Mr. Hartnett has been with MAAP for 12 years and has completed about 350 rehabilitation projects with them. He was lands manager for a fairly large company in the aggregate industry prior to joining MAAP, and started out in landscape construction before obtaining his master’s degree in landscape architecture. He tries to accommodate people’s wishes for the rehabilitation projects but said each site is typically unique and will “lend itself to what it wants to be.”
Some sites will return to agriculture because they’re in a farm field, he explained. It works the same with naturalization sites; some sites are forested or located beside a forest or a meadow, so he tries to incorporate those things into the design. “We work with what we’ve got on site, but we are working with more advanced methods of seeding and re-establishing vegetation.”
Mr. Hartnett will discuss each stage with the landowner. Once they agree, he’ll develop a design and go over that with them, explaining exactly what’s going to happen. At that point, they’re free to change their mind. There’s no actual commitment until the landowner has signed off on the design and MAAP begins the contracted work. It’s the best program in Ontario that absolutely no one knows about, he said. “First of all, it doesn’t cost landowners a dime.”
MAAP is completely subsidized by the aggregate producers of Ontario. “Landowners don’t pay for any earth work,” said Mr. Hartnett. “They don’t pay for the seeding. They don’t pay for my design or anything else. It’s all gratis to the landowner, and it adds value to the property.”
“It’s a good opportunity for people to have some work done on their property for free, provide employment to locals and of course, when we’re up there we’re spending money on fuel, lodging and food. It’s really a win-win for the community, not just those individuals who are receiving the benefit of the work. It’s a benefit for the environment, the landowner, the local community and workers. It’s a fantastic program.”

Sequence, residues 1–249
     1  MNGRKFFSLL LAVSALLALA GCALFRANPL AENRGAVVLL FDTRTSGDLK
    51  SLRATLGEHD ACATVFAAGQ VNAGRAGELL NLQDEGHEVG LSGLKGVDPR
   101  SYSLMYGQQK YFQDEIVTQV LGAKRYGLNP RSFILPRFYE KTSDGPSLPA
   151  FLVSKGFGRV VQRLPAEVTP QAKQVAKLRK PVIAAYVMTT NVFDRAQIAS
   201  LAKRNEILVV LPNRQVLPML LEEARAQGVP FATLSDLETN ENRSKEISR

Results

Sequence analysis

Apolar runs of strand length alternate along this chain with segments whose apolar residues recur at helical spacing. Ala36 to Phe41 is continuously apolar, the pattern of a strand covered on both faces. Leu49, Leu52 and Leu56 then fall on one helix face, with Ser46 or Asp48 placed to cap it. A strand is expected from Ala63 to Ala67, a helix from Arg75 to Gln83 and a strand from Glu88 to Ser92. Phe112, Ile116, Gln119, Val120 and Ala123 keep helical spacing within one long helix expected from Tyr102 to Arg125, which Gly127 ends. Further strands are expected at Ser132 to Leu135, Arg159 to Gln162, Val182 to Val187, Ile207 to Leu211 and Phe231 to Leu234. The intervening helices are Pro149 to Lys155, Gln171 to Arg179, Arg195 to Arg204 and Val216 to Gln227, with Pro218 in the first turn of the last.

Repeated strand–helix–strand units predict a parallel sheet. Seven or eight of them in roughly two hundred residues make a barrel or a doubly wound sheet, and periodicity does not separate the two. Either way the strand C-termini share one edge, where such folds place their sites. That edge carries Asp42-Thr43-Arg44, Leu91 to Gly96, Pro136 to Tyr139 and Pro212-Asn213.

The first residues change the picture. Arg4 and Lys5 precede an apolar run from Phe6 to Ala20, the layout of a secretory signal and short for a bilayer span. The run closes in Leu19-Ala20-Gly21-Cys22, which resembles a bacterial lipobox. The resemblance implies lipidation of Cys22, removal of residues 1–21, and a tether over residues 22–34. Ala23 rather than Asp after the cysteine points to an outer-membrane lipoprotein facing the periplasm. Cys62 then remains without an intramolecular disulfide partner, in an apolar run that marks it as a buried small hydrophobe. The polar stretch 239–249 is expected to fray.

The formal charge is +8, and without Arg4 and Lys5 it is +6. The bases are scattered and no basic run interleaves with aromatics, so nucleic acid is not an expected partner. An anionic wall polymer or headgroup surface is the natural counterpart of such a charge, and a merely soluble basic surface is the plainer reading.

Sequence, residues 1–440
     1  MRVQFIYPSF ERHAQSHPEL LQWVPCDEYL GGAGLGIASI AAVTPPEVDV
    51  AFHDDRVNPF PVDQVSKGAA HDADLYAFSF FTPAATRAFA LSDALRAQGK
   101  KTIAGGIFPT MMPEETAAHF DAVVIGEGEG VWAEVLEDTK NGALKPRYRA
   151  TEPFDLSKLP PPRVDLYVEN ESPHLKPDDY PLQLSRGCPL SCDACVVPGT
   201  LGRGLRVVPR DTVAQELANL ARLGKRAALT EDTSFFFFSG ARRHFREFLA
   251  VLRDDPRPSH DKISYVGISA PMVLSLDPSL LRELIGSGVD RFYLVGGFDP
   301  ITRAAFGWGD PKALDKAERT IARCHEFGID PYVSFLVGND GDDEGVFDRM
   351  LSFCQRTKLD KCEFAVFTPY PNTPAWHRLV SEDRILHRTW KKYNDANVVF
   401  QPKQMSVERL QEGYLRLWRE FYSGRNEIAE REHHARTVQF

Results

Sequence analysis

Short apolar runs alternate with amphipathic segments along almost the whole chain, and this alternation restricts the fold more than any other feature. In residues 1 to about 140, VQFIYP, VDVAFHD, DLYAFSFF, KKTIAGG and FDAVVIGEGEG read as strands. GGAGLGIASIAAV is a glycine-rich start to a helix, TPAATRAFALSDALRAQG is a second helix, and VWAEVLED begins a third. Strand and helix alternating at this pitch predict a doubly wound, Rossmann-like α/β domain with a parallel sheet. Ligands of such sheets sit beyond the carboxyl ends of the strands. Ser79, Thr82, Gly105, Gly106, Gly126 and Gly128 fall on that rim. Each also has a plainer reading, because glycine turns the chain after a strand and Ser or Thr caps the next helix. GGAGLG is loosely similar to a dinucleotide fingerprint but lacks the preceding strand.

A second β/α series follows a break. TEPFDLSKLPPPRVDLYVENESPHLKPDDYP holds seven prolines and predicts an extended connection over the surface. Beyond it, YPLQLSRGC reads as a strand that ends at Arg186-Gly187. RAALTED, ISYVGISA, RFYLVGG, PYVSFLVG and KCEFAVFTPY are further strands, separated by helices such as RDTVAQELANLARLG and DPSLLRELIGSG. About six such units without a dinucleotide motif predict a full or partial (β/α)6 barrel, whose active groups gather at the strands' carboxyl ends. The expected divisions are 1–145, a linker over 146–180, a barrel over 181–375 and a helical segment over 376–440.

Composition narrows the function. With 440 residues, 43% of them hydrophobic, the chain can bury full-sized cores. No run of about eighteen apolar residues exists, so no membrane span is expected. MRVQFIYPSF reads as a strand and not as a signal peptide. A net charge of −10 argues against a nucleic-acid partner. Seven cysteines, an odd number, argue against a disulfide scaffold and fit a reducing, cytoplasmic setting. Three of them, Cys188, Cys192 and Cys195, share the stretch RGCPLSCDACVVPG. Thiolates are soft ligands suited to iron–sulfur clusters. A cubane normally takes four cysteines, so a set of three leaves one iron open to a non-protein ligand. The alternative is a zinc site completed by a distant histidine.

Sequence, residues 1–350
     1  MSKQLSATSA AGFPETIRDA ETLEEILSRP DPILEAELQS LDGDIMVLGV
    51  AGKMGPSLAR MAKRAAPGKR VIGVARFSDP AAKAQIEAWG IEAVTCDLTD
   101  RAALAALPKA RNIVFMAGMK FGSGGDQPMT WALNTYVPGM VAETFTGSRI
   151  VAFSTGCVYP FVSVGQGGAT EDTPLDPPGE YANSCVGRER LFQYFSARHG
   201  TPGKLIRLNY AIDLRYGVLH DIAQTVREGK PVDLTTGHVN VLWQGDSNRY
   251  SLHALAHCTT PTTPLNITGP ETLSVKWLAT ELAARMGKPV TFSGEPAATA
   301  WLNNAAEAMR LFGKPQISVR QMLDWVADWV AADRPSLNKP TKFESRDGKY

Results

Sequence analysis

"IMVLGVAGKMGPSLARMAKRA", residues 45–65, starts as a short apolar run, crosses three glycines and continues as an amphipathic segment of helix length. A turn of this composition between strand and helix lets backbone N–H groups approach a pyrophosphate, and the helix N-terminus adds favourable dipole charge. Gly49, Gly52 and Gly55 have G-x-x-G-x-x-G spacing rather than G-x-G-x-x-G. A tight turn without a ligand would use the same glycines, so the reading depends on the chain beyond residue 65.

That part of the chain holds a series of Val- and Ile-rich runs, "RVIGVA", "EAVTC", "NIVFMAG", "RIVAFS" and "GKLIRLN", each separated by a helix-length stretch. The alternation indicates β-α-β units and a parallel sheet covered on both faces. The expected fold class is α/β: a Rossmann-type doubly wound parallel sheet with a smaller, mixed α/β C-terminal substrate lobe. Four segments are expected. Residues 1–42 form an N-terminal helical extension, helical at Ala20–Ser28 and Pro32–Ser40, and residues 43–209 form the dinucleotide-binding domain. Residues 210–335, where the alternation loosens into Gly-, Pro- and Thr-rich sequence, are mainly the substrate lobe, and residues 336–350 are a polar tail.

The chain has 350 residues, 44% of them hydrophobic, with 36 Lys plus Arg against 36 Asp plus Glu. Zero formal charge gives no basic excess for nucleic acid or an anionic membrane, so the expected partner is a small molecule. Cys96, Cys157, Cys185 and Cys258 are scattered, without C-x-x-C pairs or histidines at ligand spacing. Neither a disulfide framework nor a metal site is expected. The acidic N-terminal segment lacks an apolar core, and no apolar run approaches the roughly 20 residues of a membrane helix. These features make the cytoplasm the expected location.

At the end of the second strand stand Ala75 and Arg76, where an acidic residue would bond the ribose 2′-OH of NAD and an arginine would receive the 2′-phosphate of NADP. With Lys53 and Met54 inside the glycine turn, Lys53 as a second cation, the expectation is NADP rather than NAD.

Aggregate producers are one of the most heavily regulated and mandated industries in Ontario, said Ms. Solondz. The government oversees licenced sites and can revoke a licence when the producer is not fulfilling their obligations under the act. MAAP rehabilitates those sites as well as legacy sites.
“I think there’s a little bit of misconception too, about the rehabilitation and what they can do and what are the goals of rehabilitation and just understanding progressive rehabilitation,” she said. “The producers are all mandated to do that final rehabilitation. I think it’s just hard for people to think that it’s going to be done. You might not see results in five years. It’s probably a 50-year timeline, so I think that’s usually hard to wrap your head around.”
She noted that, especially in southern Ontario, a lot of people don’t realize that some of their favourite hiking or fishing spots are actually rehabilitated aggregate sites, as are many fields where they’re growing corn and hay. “They’re prime agriculture land and those actually used to be aggregate sites,” she said.
Aggregates get a bad rap, Mr. Hartnett acknowledged, adding, “We’re putting things back or better as best we can.”
MAAP staff will be on Manitoulin for one to two weeks starting May 16 and periodically though the summer and fall, following up on sites and setting up projects for 2023.
Anyone who has a site and wonders if it qualifies should contact the MAAP office at 905-319-7424 or toll-free at 1-866-308-6272.